The format of a magazine is good for many reasons. One of its benefits is its ability to tell stories in a visual and written form simultaneously. For Cultural Bulletin, a publication providing an international view of creative work, the magazine is an apt way to explore different perceptions of reality. Founded by Tom Silver and Adam Greenhalgh (the magazine’s co-editors), its latest issue investigates the theme: The World As We Conceived It Doesn’t Exist Anymore. Now in its fourth issue (Issue D), the magazine began as a writing project for the two founders.
So far, Cultural Bulletin has featured a stellar roster of creatives. Its highlights include the likes of OK-RM, architectural firm Hiroshi Nakamura, Jenny Hval and Metahaven. But as well as championing established creatives in the industry, the publication also looks to celebrate lesser-known movements. In its inaugural issue, for example, Adam and Tom explored the Dutch movement known as Stichting Kriterion, a movement created by anti-fascist students who heroically helped to hide and save countless Jewish children in occupied Amsterdam.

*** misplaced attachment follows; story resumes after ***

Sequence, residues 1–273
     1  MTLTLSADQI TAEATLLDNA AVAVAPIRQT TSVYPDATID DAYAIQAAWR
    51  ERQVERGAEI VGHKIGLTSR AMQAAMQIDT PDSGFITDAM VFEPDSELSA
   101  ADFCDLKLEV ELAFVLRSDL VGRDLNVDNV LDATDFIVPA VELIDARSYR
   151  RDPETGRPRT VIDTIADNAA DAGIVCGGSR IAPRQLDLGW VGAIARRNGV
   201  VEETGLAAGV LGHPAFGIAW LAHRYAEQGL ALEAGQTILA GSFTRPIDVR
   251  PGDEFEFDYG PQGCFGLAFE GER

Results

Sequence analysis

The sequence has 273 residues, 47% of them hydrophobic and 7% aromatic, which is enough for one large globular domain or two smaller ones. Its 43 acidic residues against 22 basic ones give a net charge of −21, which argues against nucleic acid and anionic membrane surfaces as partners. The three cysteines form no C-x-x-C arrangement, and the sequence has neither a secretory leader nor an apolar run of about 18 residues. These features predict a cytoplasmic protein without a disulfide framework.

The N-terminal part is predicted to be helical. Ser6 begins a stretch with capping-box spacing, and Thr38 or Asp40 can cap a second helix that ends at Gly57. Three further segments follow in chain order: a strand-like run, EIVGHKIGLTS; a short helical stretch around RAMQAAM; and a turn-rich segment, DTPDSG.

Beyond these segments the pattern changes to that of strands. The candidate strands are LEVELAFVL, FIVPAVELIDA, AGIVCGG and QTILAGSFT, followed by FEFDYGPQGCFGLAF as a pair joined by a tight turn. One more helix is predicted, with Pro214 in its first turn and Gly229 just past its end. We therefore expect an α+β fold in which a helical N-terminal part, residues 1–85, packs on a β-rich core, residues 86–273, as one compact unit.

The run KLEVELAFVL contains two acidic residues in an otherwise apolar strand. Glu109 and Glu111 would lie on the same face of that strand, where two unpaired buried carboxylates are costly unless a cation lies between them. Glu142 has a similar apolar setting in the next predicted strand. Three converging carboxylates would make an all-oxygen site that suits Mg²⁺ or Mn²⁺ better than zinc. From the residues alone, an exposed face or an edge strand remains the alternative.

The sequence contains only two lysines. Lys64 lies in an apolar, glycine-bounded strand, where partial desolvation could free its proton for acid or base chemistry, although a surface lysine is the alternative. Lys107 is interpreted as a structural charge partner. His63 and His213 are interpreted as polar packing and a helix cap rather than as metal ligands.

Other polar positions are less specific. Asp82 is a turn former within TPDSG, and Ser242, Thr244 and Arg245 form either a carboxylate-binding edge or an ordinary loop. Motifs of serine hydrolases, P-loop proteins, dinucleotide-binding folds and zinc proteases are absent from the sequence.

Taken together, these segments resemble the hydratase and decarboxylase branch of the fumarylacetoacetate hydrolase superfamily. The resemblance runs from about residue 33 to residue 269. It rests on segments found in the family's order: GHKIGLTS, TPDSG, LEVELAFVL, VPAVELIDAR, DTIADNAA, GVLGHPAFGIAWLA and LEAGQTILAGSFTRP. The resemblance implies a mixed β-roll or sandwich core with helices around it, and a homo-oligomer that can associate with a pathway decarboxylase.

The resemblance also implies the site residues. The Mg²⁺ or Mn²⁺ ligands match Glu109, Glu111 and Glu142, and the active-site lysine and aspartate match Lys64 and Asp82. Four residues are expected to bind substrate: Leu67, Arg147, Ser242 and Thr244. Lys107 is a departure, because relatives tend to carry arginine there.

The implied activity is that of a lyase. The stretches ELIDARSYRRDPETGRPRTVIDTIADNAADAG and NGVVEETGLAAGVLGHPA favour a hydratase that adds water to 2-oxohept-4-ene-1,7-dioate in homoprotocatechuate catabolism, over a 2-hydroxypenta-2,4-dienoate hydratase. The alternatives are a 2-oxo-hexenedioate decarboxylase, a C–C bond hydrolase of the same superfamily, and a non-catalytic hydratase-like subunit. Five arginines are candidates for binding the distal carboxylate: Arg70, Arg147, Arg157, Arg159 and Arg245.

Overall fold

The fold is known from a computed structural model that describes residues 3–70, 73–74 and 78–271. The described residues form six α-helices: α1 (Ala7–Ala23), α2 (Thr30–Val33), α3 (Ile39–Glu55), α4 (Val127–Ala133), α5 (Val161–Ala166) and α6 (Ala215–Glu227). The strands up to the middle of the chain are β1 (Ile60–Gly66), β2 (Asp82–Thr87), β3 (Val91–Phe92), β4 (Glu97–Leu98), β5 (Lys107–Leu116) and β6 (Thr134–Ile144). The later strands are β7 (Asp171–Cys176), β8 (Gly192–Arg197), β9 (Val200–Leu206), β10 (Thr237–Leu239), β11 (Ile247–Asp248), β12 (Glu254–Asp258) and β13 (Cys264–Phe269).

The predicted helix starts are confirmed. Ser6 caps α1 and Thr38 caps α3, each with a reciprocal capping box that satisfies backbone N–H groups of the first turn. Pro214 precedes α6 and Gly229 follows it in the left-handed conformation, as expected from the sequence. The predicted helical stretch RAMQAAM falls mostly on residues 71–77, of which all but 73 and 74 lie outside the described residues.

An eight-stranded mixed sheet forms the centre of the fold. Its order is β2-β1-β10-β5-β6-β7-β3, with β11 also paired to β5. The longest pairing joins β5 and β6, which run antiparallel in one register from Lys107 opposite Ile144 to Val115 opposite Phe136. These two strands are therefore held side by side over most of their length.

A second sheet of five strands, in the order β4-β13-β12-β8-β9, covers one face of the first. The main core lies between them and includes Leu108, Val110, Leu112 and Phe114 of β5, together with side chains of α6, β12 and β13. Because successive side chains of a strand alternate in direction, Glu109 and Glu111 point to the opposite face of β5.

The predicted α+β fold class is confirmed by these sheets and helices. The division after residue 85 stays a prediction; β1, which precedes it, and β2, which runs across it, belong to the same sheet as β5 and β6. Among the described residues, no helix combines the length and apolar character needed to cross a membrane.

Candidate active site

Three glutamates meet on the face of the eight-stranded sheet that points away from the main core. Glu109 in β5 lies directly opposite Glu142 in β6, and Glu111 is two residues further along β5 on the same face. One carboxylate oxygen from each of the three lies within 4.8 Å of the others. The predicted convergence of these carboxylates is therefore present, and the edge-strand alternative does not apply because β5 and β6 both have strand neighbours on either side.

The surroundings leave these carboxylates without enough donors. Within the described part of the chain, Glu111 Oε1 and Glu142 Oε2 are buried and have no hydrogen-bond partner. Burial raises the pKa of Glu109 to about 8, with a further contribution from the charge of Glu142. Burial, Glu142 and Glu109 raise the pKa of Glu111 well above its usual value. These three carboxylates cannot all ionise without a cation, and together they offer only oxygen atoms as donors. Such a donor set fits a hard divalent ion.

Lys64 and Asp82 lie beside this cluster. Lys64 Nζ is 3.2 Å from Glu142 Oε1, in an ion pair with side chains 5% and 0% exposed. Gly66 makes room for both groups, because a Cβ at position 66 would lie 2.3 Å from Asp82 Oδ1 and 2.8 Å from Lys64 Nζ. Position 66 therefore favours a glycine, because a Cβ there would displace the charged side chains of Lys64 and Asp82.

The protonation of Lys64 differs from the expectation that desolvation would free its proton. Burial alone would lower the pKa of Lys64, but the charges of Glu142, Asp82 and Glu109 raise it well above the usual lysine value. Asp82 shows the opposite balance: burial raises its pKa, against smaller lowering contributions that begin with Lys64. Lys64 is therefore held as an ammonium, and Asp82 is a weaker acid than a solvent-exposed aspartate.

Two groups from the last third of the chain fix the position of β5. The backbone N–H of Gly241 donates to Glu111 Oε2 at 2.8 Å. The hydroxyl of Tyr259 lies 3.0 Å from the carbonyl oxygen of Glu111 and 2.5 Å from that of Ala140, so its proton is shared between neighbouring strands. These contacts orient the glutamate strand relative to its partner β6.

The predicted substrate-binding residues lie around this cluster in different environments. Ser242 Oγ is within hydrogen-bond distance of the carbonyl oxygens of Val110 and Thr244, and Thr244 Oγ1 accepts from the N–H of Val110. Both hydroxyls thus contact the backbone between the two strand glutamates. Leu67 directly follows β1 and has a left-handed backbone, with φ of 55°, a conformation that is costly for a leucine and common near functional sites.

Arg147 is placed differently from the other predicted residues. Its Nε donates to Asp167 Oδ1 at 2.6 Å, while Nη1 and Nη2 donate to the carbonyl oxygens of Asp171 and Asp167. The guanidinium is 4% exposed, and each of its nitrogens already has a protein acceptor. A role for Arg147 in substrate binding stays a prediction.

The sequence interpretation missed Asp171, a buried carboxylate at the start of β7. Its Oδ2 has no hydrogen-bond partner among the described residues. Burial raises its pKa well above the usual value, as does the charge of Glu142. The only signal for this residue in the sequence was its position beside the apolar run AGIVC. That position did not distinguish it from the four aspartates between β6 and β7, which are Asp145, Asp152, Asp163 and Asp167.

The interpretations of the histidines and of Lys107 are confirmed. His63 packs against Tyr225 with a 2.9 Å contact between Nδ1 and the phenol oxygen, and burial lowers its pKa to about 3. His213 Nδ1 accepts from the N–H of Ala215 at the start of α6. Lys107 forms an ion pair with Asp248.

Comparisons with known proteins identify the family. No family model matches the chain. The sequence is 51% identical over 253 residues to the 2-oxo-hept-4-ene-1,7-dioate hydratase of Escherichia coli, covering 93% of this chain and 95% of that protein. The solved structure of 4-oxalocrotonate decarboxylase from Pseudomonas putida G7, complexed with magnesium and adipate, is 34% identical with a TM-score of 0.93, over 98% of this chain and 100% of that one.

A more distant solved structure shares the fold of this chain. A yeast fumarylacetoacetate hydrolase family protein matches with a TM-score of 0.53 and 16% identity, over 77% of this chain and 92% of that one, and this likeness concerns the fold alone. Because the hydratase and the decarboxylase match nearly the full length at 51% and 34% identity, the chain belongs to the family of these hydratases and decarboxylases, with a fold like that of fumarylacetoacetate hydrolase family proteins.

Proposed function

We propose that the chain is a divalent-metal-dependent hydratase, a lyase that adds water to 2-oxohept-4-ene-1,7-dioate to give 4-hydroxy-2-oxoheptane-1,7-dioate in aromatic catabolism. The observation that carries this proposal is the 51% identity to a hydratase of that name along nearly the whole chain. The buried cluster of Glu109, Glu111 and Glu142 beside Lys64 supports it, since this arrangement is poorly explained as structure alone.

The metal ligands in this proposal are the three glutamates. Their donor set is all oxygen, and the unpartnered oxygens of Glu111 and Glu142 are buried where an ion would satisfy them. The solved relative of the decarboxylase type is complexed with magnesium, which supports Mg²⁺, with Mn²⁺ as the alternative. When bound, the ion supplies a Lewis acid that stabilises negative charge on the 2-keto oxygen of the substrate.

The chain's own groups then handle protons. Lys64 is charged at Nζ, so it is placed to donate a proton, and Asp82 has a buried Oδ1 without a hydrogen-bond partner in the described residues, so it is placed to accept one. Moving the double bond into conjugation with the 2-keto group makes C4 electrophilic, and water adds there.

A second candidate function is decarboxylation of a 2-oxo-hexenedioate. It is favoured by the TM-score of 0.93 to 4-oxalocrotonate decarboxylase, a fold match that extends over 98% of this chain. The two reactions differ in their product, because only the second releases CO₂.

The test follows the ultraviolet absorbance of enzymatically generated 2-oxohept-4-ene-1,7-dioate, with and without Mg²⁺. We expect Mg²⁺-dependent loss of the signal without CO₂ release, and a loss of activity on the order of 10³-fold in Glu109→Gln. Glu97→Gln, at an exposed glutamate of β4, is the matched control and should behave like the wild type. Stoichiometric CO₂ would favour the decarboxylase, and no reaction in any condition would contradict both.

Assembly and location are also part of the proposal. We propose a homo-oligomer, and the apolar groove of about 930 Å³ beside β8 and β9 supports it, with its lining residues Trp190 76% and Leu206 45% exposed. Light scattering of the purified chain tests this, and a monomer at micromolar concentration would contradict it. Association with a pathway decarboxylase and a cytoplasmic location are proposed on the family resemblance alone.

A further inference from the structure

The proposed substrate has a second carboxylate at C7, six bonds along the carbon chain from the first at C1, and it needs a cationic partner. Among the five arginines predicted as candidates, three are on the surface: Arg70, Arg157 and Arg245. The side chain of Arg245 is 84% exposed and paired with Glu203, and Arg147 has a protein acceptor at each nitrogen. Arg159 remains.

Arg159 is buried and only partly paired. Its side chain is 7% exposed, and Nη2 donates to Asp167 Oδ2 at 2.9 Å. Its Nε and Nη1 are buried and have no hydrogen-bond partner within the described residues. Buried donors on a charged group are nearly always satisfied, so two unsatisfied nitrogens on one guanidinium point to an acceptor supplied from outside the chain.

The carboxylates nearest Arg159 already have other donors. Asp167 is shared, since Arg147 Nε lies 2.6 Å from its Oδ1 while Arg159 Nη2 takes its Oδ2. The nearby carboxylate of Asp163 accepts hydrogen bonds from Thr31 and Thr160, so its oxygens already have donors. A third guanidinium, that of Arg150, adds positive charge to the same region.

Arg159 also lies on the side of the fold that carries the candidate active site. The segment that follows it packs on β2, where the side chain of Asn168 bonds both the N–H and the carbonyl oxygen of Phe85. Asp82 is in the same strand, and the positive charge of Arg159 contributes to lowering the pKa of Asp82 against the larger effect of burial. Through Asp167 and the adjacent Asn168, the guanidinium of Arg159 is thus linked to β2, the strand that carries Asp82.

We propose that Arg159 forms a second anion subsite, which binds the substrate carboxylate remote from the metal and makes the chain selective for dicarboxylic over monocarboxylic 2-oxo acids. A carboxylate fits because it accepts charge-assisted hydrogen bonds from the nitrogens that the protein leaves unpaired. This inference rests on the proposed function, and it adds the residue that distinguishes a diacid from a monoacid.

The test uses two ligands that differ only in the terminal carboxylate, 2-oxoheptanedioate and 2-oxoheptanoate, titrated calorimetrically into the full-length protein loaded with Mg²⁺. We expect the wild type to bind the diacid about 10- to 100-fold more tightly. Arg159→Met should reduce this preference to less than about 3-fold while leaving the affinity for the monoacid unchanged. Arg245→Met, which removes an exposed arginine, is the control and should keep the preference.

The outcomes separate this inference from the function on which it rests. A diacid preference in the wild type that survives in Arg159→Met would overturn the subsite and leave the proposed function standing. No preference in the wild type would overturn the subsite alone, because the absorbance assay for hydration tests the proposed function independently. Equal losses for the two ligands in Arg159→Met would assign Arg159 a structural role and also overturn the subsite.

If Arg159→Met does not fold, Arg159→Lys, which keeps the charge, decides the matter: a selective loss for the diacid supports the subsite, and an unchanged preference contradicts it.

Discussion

On the beginnings of the publication, Adam tells us: “We started by writing reviews which were published online. We looked directly to creative projects we found challenging, projects which informed and expanded our view of the world.” Encouraged by their readers’ feedback, Adam and Tom looked for ways to push the content further. In turn, conceptualising how this side project could transform into a magazine. Naturally, it made sense for Adam’s design studio Ultra-Local to do the creative direction and a well-balanced relationship between design and editorial struck up.
At the core of Cultural Bulletin is this measured approach between visual and written content. Now stocked in reputable bookshops and galleries across the world including MagCulture, Tate Modern and Koenig Books, as well as distributed by Antenne Books, Cultural Bulletin is currently formed of a small team of collaborators and contributors. As for its content, Adam explains that “creativity provides an opportunity to engage with philosophical and social issues critically and abstractly. It can help us to search for meaning and truth when they are increasingly fragile.” And as a result, Issue D of Cultural Bulletin keeps this central to its discussion.